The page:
This post demonstrates how to use Pathfinder to simulate movement in a subway station, with trains arriving and departing from the station. A growing list of features not specific to evacuation, such as occupant sources and assisted evacuation, make Pathfinder applicable to a much broader range of pedestrian movement problems.
The subway station is illustrated in Figure 1, which shows passengers on the upper platform. Our model will simulate the continuous entry of passengers into the station to board specific trains and the exit of passengers from trains that have arrived at the station. The model includes 10 trains, 6 arrive and depart on the upper platform and 4 on the lower platform. We assume that each train arrives and departs at a 10-minute interval. The arrival times are staggered, so that one train arrives each minute. Each train unloads and then loads 200 passengers, giving a total flow exiting the station of 200 persons/minute or 12000 persons/hour (the same number also arrive at the station). The train loading was chosen to be consistent both with the size and number of cars in each train and with the flow capacity of the stairs and escalators.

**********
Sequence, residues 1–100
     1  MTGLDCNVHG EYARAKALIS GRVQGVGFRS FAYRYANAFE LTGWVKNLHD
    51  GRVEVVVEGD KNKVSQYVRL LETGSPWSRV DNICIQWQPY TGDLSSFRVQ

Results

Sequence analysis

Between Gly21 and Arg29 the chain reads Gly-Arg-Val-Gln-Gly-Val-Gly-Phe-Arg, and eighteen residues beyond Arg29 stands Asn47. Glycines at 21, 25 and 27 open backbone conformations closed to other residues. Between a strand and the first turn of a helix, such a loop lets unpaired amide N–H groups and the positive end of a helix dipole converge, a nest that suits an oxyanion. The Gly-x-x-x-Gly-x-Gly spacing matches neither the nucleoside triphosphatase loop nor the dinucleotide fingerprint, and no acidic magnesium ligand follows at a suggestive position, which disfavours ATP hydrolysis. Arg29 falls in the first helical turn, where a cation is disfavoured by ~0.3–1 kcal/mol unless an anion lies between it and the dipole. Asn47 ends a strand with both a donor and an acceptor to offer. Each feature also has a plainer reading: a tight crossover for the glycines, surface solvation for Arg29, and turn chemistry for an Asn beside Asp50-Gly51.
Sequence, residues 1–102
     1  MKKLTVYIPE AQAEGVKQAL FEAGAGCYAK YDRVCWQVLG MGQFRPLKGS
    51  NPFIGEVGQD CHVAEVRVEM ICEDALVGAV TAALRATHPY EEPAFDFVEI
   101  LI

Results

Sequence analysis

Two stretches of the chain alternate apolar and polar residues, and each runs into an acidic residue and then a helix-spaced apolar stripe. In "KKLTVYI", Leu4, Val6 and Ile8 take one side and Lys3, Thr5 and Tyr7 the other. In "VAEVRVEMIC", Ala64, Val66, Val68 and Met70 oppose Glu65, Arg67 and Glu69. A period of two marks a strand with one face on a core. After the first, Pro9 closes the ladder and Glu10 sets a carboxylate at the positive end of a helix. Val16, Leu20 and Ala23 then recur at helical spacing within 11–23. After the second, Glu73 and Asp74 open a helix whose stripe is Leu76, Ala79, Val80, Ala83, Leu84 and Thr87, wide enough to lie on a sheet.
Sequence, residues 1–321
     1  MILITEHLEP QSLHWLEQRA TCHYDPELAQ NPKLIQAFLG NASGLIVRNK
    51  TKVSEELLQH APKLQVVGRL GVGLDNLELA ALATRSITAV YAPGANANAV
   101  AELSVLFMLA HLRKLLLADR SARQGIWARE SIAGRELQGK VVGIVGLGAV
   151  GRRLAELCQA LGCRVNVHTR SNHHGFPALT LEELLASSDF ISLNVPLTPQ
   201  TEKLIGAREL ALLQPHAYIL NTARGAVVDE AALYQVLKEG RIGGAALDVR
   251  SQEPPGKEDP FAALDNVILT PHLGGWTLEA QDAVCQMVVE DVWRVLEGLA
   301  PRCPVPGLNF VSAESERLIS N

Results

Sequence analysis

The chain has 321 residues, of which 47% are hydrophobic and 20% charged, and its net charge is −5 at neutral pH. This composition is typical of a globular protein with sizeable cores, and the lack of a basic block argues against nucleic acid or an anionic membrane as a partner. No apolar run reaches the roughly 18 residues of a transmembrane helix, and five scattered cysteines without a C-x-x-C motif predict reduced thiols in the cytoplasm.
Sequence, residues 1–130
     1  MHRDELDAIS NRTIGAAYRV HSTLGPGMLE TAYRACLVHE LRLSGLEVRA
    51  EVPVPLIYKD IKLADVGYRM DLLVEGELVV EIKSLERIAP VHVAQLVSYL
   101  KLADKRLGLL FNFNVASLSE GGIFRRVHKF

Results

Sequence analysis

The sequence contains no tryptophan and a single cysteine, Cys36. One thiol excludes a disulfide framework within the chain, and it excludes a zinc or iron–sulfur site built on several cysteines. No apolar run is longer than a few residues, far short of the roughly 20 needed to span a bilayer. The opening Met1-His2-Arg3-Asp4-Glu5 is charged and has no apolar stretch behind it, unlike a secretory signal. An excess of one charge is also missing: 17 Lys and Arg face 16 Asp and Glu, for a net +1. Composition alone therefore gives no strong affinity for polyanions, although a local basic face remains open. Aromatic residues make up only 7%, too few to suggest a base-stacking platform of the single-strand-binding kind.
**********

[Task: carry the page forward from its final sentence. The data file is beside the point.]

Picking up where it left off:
Brandon Lambrecht, now an architect at Mahlum Architects in Portland, created the subway CAD model while a summer intern at Thunderhead Engineering. The CAD model was drawn in Revit and imported into Pathfinder using the FBX import feature and the extract floor tool. It does not represent a real-world location. To learn more about importing CAD geometry, see the ‘Importing CAD files’ section of the Pathfinder User Manual. There are also videos available that provide examples of the process, entitled Import DWG or DXF File and How do I import existing CAD model geometry into Pathfinder?
Before describing the subway model, it is useful to demonstrate the approach using a small conceptual model. Figure 2 shows the train schedule. The train departs at 3-minute intervals, with 30 seconds of unloading and 60 seconds for loading. Passengers enter the station continuously at a rate of 12 pers/min and exit the train at a flow rate of 1.2 pers/s for 30 seconds.
Figure 3 shows the geometry. The door on the right is the station door. This door has an attached source that inserts new passengers into the model, the station door is also an exit for passengers who leave the station. The wait room with its doors and split line are one method of managing queues using the current capabilities of Pathfinder. Passengers who will board the train have a behavior that tells them to go to the wait room and then proceed to the subway door to exit. In addition to being an exit, the subway door has an attached source that inserts passengers who then proceed to the station door to exit. The timing of events is shown in Figure 2, where a continuous flow of passengers enter the station and queue, the subway train then discharges passengers for 30 seconds, and then the wait room exit door opens for 60 seconds and passengers board the train. The cycle then repeats.